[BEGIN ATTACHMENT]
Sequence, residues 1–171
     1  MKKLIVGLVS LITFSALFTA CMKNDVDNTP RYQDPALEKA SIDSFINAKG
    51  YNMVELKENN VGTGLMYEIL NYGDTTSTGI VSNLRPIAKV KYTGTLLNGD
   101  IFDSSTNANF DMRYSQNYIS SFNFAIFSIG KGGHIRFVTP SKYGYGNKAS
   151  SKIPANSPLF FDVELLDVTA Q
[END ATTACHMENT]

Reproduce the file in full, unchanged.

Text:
Sequence, residues 1–171
     1  MKKLIVGLVS LITFSALFTA CMKNDVDNTP RYQDPALEKA SIDSFINAKG
    51  YNMVELKENN VGTGLMYEIL NYGDTTSTGI VSNLRPIAKV KYTGTLLNGD
   101  IFDSSTNANF DMRYSQNYIS SFNFAIFSIG KGGHIRFVTP SKYGYGNKAS
   151  SKIPANSPLF FDVELLDVTA Q